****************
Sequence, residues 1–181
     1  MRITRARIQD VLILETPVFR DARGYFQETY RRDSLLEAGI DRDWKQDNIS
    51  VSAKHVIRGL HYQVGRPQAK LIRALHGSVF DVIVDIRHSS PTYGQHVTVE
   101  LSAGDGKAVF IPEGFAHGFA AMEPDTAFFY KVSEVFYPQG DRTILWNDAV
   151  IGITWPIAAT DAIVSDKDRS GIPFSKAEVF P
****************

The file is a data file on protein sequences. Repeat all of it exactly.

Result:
Sequence, residues 1–181
     1  MRITRARIQD VLILETPVFR DARGYFQETY RRDSLLEAGI DRDWKQDNIS
    51  VSAKHVIRGL HYQVGRPQAK LIRALHGSVF DVIVDIRHSS PTYGQHVTVE
   101  LSAGDGKAVF IPEGFAHGFA AMEPDTAFFY KVSEVFYPQG DRTILWNDAV
   151  IGITWPIAAT DAIVSDKDRS GIPFSKAEVF P